A final way to examine this phenomenon is to ascertain how quickly various technologies are being adopted globally:
It is obvious that the invention of Candy Crush Saga does not hold the positive benefits for humanity that the invention of the telephone does (it’s quite possibly detrimental if you’ve ever played it), but the pace and ubiquity of technology in a connected world is undeniable. The overall assessment is that it is a force for good. This speed has given the theme of disruptive technologies its prominence in recent years.
Before delving into what the future might look like as the new Great Game unfolds, it makes sense to briefly look at the current macroeconomic backdrop. This can help provide insight into how companies can move forward to gain market share and build out supply chains.
Drowning or Waving?
No commentary on economic growth over the last decades would be complete without an analysis of China, whose economic reforms have lifted hundreds of millions out of poverty and ignited the greatest urban migration in human history. It is now widely believed that China’s accession to the World Trade Organization in 2001 was the spark which ignited the commodity super cycle, lasting from roughly 2001 to 2011. During this time, prices of almost all commodities – hard and soft – took off with a relatively brief intermission during the onset of the financial crisis in 2008. The repercussions from the Global Financial Crisis were blunted by central banks that flooded the world with liquidity and debt to re-ignite growth. The results, from McKinsey, are below:
As a result of the market’s belief in indefinitely higher resource prices, companies all along the mining supply chain, poured billions of dollars into capital expenditures and levered up balance sheets to take advantage.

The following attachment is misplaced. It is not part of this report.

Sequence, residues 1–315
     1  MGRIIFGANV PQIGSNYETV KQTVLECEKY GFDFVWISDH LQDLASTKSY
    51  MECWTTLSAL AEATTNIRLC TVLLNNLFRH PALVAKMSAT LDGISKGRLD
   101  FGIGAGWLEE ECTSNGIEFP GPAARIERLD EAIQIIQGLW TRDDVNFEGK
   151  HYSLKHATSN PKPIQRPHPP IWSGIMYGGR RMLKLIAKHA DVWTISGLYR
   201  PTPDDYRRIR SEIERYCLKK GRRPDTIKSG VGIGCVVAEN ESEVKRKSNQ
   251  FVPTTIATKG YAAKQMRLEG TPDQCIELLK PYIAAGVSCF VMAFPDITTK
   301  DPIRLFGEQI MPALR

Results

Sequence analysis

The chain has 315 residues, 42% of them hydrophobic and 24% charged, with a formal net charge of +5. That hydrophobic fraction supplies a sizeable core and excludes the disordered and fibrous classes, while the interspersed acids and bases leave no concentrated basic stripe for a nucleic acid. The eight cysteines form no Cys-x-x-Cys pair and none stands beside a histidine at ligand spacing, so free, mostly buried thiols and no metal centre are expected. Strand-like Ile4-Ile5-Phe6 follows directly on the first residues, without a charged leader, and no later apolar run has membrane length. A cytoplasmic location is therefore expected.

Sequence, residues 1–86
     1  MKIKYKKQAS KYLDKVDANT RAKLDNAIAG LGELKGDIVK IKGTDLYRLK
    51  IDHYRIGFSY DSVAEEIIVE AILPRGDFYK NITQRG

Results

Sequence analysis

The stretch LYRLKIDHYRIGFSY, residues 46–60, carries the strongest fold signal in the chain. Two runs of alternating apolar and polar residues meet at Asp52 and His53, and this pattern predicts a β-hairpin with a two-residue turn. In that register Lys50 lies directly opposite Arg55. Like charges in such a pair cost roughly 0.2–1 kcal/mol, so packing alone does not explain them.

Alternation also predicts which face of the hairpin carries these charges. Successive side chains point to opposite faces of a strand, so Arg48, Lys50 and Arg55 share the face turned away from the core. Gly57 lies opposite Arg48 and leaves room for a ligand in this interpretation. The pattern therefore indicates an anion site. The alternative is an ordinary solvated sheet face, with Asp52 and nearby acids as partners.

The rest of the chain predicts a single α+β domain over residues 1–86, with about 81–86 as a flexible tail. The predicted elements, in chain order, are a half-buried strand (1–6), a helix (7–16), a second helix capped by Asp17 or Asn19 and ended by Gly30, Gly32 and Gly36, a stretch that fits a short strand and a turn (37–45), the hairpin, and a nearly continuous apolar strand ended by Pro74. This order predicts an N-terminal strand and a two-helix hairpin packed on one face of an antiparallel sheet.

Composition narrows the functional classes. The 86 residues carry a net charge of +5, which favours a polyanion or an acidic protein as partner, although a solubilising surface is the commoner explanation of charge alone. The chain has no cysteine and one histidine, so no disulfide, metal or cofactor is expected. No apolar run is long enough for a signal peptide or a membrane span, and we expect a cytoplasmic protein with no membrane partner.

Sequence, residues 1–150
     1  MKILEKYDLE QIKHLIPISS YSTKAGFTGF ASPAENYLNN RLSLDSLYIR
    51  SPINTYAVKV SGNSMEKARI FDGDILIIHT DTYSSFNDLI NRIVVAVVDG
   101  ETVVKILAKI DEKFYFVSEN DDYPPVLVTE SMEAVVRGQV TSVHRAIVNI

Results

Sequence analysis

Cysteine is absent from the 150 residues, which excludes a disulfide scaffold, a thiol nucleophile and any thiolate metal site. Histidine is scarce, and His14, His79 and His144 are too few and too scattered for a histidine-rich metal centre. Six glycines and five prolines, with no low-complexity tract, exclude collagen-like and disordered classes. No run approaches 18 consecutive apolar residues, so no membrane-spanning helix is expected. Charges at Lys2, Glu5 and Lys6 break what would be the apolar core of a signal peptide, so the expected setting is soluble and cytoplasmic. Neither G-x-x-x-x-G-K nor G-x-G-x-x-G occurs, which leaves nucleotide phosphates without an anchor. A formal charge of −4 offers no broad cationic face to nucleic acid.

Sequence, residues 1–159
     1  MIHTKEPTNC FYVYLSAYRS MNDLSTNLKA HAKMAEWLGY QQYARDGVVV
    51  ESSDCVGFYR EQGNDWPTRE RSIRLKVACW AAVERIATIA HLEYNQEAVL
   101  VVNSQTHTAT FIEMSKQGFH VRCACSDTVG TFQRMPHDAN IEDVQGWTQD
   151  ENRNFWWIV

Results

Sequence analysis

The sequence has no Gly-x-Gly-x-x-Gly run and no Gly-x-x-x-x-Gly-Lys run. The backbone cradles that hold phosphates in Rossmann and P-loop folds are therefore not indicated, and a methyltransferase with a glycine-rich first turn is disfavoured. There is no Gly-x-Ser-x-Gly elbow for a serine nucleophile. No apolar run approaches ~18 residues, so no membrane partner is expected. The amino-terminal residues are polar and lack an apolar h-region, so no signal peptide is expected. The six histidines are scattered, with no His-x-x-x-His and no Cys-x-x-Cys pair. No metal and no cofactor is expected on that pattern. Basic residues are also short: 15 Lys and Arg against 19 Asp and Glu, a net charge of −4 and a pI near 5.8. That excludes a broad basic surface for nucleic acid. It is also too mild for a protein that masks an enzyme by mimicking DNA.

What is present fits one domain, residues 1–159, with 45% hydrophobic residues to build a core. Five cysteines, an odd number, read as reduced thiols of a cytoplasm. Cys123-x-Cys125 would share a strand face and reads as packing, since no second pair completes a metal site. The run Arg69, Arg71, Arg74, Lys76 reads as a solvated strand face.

Many resource prices peaked in 2011 and, as China’s economy has begun to slow, this has placed an effective “lid” on commodity prices. The capital poured into mining projects has resulted in write offs and, worse, excess production capacity which must be worked through or written off to renew the commodity cycle. As a result, much of the global economy now suffers from excess supply, muted demand, and a large debt overhang. These all act as an impediment to growth and, when combined, are profoundly deflationary in nature.
If there is a silver lining, it is that there is a difference between “good” and “bad” deflation. It would appear that supply chains can benefit from the “good” deflation of lower raw materials prices. Downward pricing pressure can effectively “deflate” the value of end products such as lithium ion batteries or associated products. While technological advances are also responsible for this cost deflation, lower raw materials prices can tend to filter throughout the value chain.
With respect to energy generation and mobility, this thesis seems to be accurate when one looks at the prices of solar power and of lithium ion batteries, both experiencing dramatic decreases in cost (per watt and per kilowatt hour). Since 2000, lithium ion battery costs per kWh have fallen by a CAGR of 14% per year by some estimates. Technology and lower raw material prices have themselves converged to make a new energy paradigm a reality.